I’ve lived with chronic pain since my spinal injury in my early twenties. Since then I’ve picked up numerous other injuries, especially to my knees. Recently I’ve had a torn rotator cuff, which I decided not to have surgically repaired (best decision ever, physical therapy took the pain away!). Most importantly, I have arthritis in my knees, hips, and every part of my spine.
Last October I found myself having to change domiciles. That meant three weeks of packing, and seemingly hundreds of trips to the dumpster. Worse—biggest of all—was the hundreds of trips back up the stairs to the apartment, stairs being the worst thing for my knees. While there was pain from using muscles that had been dormant for a long time, I quickly realized that my chronic pain did not get worse.
That was the key. In those three weeks, I was shocked to discover I’d lost twelve pounds.
Now knowing I could do things without pain, or without more pain, I joined an aqua arthritis class at the Y, did a lot of treadmill, and managed to get some pretty cheap equipment for a home gym. I’m talking some small dumbbells and resistance bands, rollers, a yoga mat, things like that, not actual giant machines you’d find at the gym. Most of the exercises are courtesy of the people at Bleu Physical Therapy in Alhambra, a place I highly recommend.
So that’s it. The big 5-0. Here’s hoping I manage to get through the day without anyone surprising me with some stupid party. . .
Even if you’ve done the same commute thousands of times, it always pays to look around, and especially up.
Also known as Goldenhands, Andrew is my favorite magician. It helps that he’s married to one of my favorite musicians–more on her in an upcoming blog–but he’s won plenty of awards and done numerous big shows to prove he’s one of the best prestidigitators out there.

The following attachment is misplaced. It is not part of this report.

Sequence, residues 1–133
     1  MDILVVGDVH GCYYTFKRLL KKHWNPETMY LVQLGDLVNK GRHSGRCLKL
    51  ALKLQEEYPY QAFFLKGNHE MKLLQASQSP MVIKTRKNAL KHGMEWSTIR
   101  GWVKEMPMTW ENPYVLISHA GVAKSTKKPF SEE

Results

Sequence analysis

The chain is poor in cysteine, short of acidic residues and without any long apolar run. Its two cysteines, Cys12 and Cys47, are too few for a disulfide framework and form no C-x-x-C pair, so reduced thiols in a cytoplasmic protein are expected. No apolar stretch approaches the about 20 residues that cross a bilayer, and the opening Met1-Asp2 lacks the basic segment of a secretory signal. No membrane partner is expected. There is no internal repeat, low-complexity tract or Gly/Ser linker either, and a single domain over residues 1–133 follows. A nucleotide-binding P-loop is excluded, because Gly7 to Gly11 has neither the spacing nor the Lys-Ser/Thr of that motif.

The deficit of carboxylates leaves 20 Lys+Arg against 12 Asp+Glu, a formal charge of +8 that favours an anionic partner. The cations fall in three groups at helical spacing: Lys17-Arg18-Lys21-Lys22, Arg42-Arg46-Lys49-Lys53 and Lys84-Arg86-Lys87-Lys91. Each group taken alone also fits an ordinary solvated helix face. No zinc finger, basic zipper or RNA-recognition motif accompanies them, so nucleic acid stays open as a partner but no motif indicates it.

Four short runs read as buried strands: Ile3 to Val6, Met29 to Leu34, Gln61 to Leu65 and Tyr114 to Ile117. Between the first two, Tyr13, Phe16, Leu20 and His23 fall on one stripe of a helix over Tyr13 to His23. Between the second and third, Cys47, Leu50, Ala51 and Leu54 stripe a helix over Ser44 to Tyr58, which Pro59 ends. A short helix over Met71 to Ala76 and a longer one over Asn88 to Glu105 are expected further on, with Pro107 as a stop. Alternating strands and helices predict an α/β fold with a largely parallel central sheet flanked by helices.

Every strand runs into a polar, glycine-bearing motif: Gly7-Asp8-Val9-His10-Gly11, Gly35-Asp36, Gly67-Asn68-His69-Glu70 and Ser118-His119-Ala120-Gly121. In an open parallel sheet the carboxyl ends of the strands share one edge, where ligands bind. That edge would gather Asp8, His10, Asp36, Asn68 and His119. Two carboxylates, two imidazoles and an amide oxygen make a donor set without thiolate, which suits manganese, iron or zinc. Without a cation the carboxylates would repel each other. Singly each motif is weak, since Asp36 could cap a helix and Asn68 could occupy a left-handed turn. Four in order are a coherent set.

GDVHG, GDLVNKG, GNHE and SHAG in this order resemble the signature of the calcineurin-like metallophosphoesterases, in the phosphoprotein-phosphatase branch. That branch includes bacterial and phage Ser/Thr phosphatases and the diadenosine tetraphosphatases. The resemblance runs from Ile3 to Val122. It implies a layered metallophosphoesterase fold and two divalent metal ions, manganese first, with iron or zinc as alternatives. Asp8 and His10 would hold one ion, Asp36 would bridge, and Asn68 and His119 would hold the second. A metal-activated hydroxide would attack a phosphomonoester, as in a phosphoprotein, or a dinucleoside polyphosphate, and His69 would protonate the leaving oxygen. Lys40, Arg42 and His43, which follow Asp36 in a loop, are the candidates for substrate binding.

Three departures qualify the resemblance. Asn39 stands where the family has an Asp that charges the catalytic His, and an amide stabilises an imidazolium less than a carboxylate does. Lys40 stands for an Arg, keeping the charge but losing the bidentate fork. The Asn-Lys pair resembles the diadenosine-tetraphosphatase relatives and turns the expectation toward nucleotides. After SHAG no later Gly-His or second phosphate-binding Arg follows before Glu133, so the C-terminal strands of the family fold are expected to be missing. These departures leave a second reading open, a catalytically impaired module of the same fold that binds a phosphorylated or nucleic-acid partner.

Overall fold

And even though I’ve seen him do this trick before, this is the first time I was able to photograph it, which made it all the more fun for me. Hi Elmo!
After the visit to Arlington Garden that I blogged about last week I decided to go further north to one of my favorite Mexican restaurants, and for the first time go behind Huntington Hospital rather than the usual Fair Oaks route. I was amazed that in the span of three blocks there was so much gawking to be had.
I always give myself 15 minutes to walk to the bus stop for the ride downtown, even though it takes less than ten. (If you’ve followed this blog for a while—yeah right, welcome—you’ll know my fave Shakespeare quote is “Better three hours too soon than a minute too late.”) But thanks to my favorite app, I see that the bus that runs on my street and takes me to the light-rail station is coming in 5, so I do that instead, and thankfully there was enough of a break in the traffic to let me run across while it was about a block away. I do so love living on the edge. . .